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Does New Jersey Permit Recording of Defense IME’s?

By on April 18, 2019 in Other with 0 Comments

Under New Jersey Court rules, when a plaintiff has made a claim for personal injuries, the adverse party may require that the plaintiff submit to a physical or mental examination pursuant to R. 4:19.  The issue sometimes arises as to whether the defense medical examination may be recorded or attended by a representative of the plaintiff’s counsel.  That issue was addressed by a published Law Division decision, Wellmann v. Road Runner Sports, 2018 N.J. Super. LEXIS 186 (Law Div. April 27, 2018).

This action dealt with personal injuries to a 7-year-old girl, Ryan, who was injured when she was 3.  The defendants sought by motion to compel the minor to attend two medical examinations, without condition, without attendance of a third party (including one of her parents) and without the ability to record the examination.

The plaintiffs, on the other hand, cross-moved for a Protective Order that would permit recording by either audio, video, or both, of any defense medical examination and to permit third party representatives to be present during the exam.

The pertinent Court Rule (R. 4:19) is silent as to whether the medical examination may be recorded and there are a few cases on point.  However this Law Division Judge found that the “law is clear,” that [i]t is within the Court’s discretion to allow counsel, or one of Ryan’s parents to appear with her at the physical examinations and permit the recording of the physical examinations.”

However, the Court noted that which party has the burden to prove whether the recording should or should not be permitted is unclear.  Should the plaintiff have the burden to show special circumstances to warrant the attorney’s presence at the recording of the physical exam? Or should the defendant have the burden of showing special reasons to exclude the plaintiff’s attorney or other representative from a physical exam?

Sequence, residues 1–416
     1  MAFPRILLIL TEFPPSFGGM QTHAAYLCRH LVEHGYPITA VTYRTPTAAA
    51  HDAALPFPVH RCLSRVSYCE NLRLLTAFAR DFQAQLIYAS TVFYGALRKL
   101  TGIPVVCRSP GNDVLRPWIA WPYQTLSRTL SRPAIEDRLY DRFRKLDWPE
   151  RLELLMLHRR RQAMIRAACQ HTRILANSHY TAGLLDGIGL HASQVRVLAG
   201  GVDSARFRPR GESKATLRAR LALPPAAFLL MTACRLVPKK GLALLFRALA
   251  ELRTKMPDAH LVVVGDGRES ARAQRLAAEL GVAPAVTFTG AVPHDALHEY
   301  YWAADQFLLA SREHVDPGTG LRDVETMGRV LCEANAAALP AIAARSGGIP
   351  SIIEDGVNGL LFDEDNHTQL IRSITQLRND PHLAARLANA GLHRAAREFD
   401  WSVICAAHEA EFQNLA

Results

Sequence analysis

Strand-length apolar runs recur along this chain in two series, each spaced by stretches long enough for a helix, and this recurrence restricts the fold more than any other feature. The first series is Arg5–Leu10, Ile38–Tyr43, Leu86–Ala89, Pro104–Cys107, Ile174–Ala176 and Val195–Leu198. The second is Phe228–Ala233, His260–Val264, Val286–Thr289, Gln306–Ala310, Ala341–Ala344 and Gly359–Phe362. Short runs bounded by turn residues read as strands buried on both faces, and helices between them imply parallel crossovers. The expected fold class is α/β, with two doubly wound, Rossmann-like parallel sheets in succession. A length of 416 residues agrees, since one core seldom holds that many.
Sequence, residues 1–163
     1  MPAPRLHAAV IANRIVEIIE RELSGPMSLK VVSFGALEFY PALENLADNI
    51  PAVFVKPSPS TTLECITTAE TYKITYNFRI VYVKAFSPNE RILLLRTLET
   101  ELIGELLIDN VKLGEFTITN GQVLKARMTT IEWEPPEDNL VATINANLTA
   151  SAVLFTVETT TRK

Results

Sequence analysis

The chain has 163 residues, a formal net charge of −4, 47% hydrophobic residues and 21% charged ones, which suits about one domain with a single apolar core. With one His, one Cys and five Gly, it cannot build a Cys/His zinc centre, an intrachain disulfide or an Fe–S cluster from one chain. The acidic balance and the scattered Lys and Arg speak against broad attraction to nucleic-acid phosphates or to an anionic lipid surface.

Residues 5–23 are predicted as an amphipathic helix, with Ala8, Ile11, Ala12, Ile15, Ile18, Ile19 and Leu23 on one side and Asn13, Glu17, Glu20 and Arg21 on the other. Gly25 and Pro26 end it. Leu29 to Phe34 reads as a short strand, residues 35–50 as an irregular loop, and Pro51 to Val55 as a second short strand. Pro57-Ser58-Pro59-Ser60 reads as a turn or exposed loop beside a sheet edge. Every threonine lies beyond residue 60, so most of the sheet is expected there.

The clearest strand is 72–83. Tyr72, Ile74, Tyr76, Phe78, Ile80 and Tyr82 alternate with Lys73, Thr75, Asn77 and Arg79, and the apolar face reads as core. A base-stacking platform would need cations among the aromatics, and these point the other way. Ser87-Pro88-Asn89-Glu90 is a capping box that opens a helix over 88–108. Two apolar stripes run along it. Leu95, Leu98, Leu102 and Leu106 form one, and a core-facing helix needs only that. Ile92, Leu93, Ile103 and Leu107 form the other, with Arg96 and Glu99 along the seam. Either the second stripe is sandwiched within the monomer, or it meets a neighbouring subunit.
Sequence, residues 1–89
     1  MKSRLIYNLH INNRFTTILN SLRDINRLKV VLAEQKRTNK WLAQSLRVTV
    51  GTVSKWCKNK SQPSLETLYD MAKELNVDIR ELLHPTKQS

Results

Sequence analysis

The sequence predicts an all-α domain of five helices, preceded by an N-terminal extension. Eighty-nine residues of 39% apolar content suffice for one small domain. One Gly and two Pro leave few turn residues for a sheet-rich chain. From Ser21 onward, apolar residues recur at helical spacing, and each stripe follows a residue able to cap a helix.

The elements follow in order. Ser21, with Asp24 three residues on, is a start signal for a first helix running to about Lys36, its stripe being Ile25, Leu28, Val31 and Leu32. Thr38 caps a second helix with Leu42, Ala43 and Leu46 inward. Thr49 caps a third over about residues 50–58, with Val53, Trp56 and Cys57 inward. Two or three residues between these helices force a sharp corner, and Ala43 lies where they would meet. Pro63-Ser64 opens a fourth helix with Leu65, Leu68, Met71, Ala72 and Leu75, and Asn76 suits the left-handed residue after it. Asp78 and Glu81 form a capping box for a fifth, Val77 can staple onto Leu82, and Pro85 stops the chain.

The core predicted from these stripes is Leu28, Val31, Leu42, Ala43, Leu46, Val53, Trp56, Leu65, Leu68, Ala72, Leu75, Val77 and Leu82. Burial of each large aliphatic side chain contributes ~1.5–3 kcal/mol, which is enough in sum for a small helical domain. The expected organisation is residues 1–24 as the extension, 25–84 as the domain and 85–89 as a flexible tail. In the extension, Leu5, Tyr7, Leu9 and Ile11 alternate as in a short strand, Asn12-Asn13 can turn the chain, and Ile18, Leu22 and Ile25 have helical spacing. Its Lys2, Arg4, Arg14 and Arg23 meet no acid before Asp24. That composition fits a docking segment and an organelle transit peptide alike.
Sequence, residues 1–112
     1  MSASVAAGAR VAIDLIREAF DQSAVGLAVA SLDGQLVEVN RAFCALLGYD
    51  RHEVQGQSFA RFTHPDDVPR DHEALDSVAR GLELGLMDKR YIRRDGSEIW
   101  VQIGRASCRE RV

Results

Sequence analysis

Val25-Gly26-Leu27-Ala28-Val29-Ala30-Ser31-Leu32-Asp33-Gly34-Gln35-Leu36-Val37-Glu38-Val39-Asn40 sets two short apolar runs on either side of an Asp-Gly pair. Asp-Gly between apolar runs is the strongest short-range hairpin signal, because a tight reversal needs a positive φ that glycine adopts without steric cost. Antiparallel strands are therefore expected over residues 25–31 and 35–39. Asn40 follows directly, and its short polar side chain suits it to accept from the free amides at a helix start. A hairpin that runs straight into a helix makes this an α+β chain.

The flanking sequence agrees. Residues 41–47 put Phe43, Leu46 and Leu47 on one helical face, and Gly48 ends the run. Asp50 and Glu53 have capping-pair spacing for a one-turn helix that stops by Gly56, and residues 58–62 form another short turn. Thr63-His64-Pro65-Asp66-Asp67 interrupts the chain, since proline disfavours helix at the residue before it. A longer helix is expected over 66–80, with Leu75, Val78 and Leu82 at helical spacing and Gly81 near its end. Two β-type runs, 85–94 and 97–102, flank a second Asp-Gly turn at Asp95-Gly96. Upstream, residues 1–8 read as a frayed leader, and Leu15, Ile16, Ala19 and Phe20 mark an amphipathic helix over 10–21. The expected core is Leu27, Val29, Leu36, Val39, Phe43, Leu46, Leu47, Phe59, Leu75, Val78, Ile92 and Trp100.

This Court did not decide which side has the burden with respect to this issue.  However, the Court ruled in “balancing the burdens on the Movants and their doctors to obtain an independent medical examination to mount an adequate defense, and the Movants’ need for information, with the interests of Ryan, the Court deems an unobtrusive recording and the presence of one of Ryan’s parents, or her lawyer (or a representative from counsel’s office) or both, far outweighs the difficulties that counsel for the Movants argues in his Brief, namely that these conditions are ‘impractical and unfair.’”

In reaching this determination, the Court considered that the medical examination of Ryan, who is a young child, would be conducted by two doctors she has never met.  These doctors hired by an adverse party may testify against Ryan at a deposition or trial.  Under these circumstances, an accurate record of the exam would be “crucial to the administration of justice and fair to both sides.”    

The Court recognized that if a dispute arose during trial as to what happened at the examination “the likelihood of a 7 year old’s testimony adequately countering the testimony of an expert witness’s testimony, who has testified hundreds of time, may be low.”  Using a small cell phone or video recording device could be done without interfering with the performance of the exam.  Further Ryan’s counsel or representative, may attend the exams or one of Ryan’s parents without obstructing them in any way.

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Betsy G. Ramos

About the Author

About the Author:

Ms. Ramos is an Executive Committee Member and Co-Chair of the Litigation Department at Capehart Scatchard, P.A. located in Mount Laurel, New Jersey. She is an experienced litigator with over 25 years experience handling diverse matters. Practice areas include tort defense, business litigation, estate litigation, tort claims and civil rights defense, construction litigation, insurance coverage, employment litigation, shareholder disputes, and general litigation.

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